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Number of EU citizens moving to UK plummets post-Brexit as labour shortages bite

Number of EU citizens moving to UK plummets post-Brexit as labour shortages bite

The number of EU citizens moving to the UK has plummeted post-Brexit amid tighter visa requirements, a new report says. 

Just 43,000 people from EU member states received visas for work, study, family or other purposes in 2021, accounting for five per cent of all visas granted that year. 

It’s a sharp decline compared to the 230,000 to 430,000 visas granted to EU citizens in the six years up to March 2020, according to figures from the Office for National Statistics

Since Brexit the UK has introduced a points-based immigration system that sets a minimum salary that prospective workers must earn. 

A study by the Migration Observatory at the University of Oxford and ReWage, a group of labour market experts, found the end of freedom of movement with the EU had “exacerbated” Britain’s labour shortages. 

But the report also identifies other drivers such as higher job turnover since the Covid pandemic and less activity among people aged over 50. 

Around 40 per cent of visas granted to EU citizens in 2021 were for students, while a further quarter went to “skilled workers” — those paid at least £26,500 (€31,400) per year. 

The UK’s agriculture and hospitality industries have seen the biggest fall in jobs held by EU workers — dropping by around a quarter in both sectors between June 2019 to June 2021. 

Meanwhile the construction industry has seen a 13 per cent rise in such employees over the same period. 

However, only around 2,600 British employers hired at least one EU worker in 2021, with larger companies much more likely to provide the necessary sponsorship for a visa application. 

The report concludes there is “some evidence” that Brexit and the end of free movement contributed to labour shortages in the UK.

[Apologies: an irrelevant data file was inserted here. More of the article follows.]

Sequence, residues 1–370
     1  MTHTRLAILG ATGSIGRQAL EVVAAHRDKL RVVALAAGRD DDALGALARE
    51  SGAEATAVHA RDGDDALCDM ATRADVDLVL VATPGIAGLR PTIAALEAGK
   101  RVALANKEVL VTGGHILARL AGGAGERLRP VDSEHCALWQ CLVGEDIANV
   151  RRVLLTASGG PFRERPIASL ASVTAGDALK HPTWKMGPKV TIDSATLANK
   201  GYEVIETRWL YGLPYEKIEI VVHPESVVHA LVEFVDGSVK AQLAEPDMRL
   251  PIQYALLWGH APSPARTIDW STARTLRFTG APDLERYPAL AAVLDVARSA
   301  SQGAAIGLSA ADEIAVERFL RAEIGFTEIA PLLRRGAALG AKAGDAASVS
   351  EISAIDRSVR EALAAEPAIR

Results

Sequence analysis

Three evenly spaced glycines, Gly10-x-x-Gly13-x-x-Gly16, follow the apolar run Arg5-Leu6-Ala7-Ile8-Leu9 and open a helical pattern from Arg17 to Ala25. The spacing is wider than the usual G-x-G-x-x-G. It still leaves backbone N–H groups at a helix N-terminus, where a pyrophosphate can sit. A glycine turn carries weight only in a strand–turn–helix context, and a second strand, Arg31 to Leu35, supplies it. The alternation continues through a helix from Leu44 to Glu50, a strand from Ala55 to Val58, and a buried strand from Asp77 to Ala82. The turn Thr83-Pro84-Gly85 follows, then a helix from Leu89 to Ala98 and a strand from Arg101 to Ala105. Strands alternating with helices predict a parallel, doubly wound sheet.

“While there is some evidence that the end of free movement has contributed to shortages in some areas of the UK labour market, it is by no means the only driver,” said Professor Chris Forde of the University of Leeds.

“In fact, recruiting difficulties are not unique to the UK and several other countries have experienced high vacancy rates post-pandemic,” he added. 

The report suggests expanding visa eligibility for low-wage jobs to address gaps in the UK’s labour market. 

It also recommends reducing administrative requirements or fees for British employers looking to hire EU workers. 

EU citizens face tighter visa restrictions since the UK left the EU in January 2021, which ended freedom of movement with the bloc.

The UK introduced a point-based immigration system, which sets a minimum criteria for any non-British citizens wanting to remain in the country for more than six months.

Most people wishing to work in the UK must meet minimum salary requirements and have a minimum B1 English language level. 

Students have to obtain a visa to stay for more than six months and generally must leave the UK after their course finishes. 

Madeleine Sumption, director of the Migration Observatory at the University of Oxford, said: “While it is clear that ending free movement has made it harder for employers in low-wage industries to recruit staff, changing immigration policy to address shortages brings its own set of challenges.

“Low-wage work visa schemes are notoriously difficult to police and often open workers up to exploitation and abuse.”

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